There are various business models out there, but one of the most intriguing is that used by the energy suppliers.
We’ve all known for a long time that they make their money by apathy – the best rates are used as bait to attract new customers. When the honeymoon period is over, rates increase and if you don’t move, you pay a premium – but our recent experience really drives home the arrogance of this approach.
We moved our business gas and electric supply last year to British Gas. The prices we got were, admittedly, very attractive. OK, the service wasn’t perfect (they said they were going to bill quarterly, but billed monthly, and took over 6 months to give us the introductory cashback), but it was acceptable.
We then received the renewal notice. To renew our contract, we didn’t have to do a thing. They were obviously helping us, making our life simpler, which was extremely thoughtful of them. However, the increase in price – by staying on their fixed price contract – was staggering. The unit price for electric increased by 66%. The daily standing charge increased by 80%. Ouch!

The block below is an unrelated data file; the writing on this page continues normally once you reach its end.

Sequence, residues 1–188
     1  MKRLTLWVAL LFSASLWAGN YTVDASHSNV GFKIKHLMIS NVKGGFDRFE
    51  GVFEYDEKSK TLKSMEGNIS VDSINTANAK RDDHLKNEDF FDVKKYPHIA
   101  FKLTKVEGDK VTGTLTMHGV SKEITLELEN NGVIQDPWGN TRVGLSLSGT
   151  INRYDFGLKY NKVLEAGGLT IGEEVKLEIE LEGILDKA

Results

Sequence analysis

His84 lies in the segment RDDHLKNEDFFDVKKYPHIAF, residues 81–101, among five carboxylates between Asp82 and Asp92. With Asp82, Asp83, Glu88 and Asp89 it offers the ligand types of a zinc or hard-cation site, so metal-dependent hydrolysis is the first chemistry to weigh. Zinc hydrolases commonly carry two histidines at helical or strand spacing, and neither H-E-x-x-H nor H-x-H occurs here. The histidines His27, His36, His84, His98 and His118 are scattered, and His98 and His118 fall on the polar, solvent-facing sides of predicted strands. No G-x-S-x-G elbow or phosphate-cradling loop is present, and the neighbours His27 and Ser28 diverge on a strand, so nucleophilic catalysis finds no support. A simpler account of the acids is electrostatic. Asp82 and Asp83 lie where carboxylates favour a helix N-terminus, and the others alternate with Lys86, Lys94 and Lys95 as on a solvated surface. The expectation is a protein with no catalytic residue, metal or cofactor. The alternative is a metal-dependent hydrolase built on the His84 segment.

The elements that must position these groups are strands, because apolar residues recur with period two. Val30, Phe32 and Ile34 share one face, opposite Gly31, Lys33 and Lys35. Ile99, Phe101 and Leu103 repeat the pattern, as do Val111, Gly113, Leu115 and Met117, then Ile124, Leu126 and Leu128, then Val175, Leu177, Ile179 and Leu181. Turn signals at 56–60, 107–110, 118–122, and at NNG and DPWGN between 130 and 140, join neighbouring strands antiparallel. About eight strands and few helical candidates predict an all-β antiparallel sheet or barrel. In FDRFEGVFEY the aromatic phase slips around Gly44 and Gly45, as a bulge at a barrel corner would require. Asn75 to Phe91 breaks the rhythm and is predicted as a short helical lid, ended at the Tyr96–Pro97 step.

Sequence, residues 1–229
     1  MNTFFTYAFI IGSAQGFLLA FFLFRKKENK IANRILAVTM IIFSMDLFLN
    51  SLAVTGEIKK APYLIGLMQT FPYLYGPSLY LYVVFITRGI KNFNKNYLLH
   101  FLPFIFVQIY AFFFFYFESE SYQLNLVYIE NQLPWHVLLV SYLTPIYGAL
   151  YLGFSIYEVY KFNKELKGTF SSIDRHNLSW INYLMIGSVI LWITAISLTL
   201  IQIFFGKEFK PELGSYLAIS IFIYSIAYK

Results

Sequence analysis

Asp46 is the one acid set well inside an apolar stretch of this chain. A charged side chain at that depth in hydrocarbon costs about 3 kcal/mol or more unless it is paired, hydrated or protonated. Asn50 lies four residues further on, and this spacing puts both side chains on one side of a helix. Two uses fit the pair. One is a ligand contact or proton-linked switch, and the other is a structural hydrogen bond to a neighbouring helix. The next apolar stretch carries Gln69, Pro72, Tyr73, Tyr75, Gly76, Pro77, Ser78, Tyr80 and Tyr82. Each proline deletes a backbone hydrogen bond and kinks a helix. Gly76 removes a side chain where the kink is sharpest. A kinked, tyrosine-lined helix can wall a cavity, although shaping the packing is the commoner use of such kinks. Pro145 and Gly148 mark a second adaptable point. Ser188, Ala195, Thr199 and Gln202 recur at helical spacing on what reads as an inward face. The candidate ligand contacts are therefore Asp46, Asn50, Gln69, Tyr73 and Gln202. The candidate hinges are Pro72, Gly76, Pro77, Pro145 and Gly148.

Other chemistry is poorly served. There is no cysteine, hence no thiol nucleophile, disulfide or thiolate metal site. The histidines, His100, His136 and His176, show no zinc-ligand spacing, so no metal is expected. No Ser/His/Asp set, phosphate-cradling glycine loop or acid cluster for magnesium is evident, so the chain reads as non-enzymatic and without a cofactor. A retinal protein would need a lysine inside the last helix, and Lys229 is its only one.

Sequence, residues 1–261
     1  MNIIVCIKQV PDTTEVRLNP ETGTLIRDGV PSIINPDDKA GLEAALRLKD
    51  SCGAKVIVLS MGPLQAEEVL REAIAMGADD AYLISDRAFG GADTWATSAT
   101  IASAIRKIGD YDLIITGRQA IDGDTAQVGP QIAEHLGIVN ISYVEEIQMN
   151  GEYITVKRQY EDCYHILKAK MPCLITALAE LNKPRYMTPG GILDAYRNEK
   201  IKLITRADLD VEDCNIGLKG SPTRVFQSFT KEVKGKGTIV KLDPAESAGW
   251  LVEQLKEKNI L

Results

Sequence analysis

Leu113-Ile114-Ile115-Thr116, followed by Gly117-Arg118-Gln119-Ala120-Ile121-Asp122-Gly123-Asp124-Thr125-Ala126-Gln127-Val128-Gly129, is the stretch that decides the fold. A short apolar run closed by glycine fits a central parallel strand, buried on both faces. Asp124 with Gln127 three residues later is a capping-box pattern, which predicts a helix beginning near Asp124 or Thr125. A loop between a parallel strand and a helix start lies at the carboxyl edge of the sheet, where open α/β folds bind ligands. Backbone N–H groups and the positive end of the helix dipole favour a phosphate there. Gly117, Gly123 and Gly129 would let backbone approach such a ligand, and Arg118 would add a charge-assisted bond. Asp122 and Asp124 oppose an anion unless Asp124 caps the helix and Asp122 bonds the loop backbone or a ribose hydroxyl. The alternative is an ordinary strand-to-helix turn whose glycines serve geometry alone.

Why do businesses do it? Do they think that the customer won’t notice? They make claims that they are not like everyone else, they are different, and then they do exactly the same as everyone else – i.e. try to get away with as much as possible whilst trying to look helpful. They make every effort to win new customers whilst not giving a damn about their old customers. They don’t seem bothered by churn. Surely by maintaining a reasonable renewal price, they could actually create some goodwill – and show that they are different from their competitors.
Of course, this kind of behaviour isn’t restricted to energy suppliers. Banks and insurers are also guilty. In fact, most businesses where there is a switching cost to the customer of actually reviewing a continuing service and doing something about it.
As a business, it makes sense to review your costs. The renewal notice we received from British Gas had a 3 month termination period, so this will inevitably catch out other businesses who are too busy, who may only see the increase when it is too late. So be wary of fixed term contracts.